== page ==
Posted by Jerry in 14:24:11 | Permalink | Comments (3)

Tuesday, April 10, 2007

Elevators and IEPs

I got off some elevators the other day on the 7th floor of our office building (top floor) and there were some guys working on the elevator car across from the one I was exiting.

I noticed that they weren’t working on cables, rather, they were working on the floor of the elevator itself. This perplexed me. So I asked…was it something that had to be worked on the top floor? No they answered. I asked, then, why would they work on something on the top floor with the risk of something going wrong, and possibly dropping to bottom?

I got an irritated response that this ‘almost never happens.’ Almost being the key word.

This makes no sense to me. If I were in that business, and I was working on anything with risk of dropping, I’d do it on the bottom floor so I eliminated said risk. Unless obviously it was in regards to working on pulling the car up or down or stopping on a certain floor, etc….

Anyway….just an observation. ‘Almost never happens’….people almost never get struck by lightning, doesn’t mean I’m gonna walk around outside during a thunderstorm with a metal pole.

——-

Ms. Amy (Amy IEP I’m going to call her) was over working on the IEP last night. Looks good. Kim got some excellent counsel from the Monarch team I blogged about yesterday to take the majority of the education elements out of it, that they will be addressed separately and focus on the social, behavioral and disabilities elements of it – like sensory and speech. In his troubled education elements, include those, but the focus of this year’s IEP has moved away from being more like a report card on academic progress and more focused on achieving integration and adaptability to the kids and the classroom. (Amy IEP, did I get that right?)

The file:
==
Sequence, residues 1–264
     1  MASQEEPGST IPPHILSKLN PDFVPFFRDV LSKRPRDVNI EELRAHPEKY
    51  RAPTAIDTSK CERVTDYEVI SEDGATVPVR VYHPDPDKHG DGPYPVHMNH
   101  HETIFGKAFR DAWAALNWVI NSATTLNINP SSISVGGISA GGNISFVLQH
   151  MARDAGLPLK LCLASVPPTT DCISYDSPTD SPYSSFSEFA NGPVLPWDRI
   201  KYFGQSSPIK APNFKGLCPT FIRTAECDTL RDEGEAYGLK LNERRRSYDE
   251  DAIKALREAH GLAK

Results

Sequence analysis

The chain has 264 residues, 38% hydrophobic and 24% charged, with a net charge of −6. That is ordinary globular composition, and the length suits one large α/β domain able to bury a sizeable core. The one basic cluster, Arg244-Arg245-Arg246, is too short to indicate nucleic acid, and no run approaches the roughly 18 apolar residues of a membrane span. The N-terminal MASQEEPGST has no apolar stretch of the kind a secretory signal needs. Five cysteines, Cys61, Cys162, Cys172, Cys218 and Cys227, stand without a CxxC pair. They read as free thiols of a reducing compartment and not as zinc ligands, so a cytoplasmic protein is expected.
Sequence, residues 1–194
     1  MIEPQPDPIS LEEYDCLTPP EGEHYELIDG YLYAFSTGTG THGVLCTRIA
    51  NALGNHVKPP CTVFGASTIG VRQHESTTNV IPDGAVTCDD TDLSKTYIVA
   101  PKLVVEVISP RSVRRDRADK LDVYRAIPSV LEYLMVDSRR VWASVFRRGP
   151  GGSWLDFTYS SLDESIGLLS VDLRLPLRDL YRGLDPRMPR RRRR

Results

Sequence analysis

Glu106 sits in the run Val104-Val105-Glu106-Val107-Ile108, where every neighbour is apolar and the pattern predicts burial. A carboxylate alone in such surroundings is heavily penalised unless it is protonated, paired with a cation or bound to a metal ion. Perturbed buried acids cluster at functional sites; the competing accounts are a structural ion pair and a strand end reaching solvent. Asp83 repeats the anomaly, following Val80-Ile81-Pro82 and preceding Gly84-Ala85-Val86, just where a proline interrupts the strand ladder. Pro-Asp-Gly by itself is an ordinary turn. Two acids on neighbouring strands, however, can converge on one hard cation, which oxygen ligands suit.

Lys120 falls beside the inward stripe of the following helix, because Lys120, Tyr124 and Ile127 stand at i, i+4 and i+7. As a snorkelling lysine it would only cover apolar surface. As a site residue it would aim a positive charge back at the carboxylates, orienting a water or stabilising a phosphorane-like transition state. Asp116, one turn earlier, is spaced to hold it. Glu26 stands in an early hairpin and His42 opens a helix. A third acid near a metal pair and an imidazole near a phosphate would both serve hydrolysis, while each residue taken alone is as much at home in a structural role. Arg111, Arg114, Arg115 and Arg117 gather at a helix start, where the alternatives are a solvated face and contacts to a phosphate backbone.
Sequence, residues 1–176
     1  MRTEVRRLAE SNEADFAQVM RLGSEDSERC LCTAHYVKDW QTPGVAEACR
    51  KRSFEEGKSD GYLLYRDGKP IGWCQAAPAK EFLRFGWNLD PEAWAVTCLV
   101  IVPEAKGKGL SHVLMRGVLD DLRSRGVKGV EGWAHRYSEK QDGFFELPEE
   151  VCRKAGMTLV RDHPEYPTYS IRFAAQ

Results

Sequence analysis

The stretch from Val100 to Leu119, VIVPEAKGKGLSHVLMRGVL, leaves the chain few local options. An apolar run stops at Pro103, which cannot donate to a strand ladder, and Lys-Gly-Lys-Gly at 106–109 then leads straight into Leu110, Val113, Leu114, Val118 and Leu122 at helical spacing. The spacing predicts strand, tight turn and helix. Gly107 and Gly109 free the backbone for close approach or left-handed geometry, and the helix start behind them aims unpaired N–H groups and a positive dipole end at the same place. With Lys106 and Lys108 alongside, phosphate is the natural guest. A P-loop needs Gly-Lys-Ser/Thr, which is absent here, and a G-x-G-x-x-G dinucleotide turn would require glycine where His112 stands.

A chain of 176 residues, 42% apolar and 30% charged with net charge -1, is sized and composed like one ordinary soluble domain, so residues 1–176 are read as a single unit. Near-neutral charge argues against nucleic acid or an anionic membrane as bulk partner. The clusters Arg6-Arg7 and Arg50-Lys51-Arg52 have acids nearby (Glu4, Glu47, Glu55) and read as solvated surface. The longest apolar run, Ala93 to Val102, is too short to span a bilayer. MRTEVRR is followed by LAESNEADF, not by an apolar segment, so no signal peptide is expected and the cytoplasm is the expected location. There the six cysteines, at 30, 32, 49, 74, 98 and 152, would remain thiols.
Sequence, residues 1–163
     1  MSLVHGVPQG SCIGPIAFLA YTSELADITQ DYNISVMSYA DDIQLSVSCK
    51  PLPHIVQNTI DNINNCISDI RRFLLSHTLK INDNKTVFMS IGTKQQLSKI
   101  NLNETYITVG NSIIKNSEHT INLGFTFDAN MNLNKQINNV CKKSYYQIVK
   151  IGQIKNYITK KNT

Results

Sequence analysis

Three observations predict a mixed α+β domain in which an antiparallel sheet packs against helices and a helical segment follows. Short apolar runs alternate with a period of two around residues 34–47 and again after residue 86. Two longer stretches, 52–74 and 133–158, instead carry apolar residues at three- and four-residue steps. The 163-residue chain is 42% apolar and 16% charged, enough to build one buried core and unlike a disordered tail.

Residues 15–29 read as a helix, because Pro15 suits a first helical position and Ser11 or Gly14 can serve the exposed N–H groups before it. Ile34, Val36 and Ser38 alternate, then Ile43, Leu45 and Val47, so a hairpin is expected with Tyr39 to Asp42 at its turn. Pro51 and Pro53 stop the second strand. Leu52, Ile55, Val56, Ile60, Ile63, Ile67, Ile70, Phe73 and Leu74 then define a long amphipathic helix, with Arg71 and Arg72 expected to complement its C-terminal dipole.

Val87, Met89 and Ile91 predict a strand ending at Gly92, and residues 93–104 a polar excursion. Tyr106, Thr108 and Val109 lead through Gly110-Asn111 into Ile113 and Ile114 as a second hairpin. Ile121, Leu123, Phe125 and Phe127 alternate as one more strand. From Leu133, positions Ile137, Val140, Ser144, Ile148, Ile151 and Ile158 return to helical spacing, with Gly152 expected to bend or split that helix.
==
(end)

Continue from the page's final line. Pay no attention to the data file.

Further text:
Further, one lesson I have learned is that these IEPs are just a waste of paper if you are writing them for a roadmap for a whole school year. If you look at Demetrius from point A-to-point Z, big progress. A-to-B? Maybe less so.

The IEP should be written in a way that we are still going to see that A-to-Z progress, but ensures we can amend/change/adapt A-to-B when and where needed. Therefore, why get too far ahead of ourselves?

I see in this kindergarten IEP quarters/grading periods where he has ‘5/5’ and mastered a task….three months later regress a bit? Why? Well, might be that a special needs kid can’t put it all together at the same time and build the same way you and I do upon our skill set. So if at the end of the year he is there….do we really need to worry about something that is 4/5 9-out-of-10 times when we could be focusing on something else? These things have to change with the boy’s changing needs. Mallable, flexible and adaptable.

Whitterer on Autism
has a great posting on this thinking…I like the corkscrew analogy a lot.

So that’s where we are….next steps are to finalize, and gulp, have another meeting on it before we head off to school for the actual meeting. I think we are almost there….

Posted by Jerry in 16:36:45 | Permalink | Comments (2)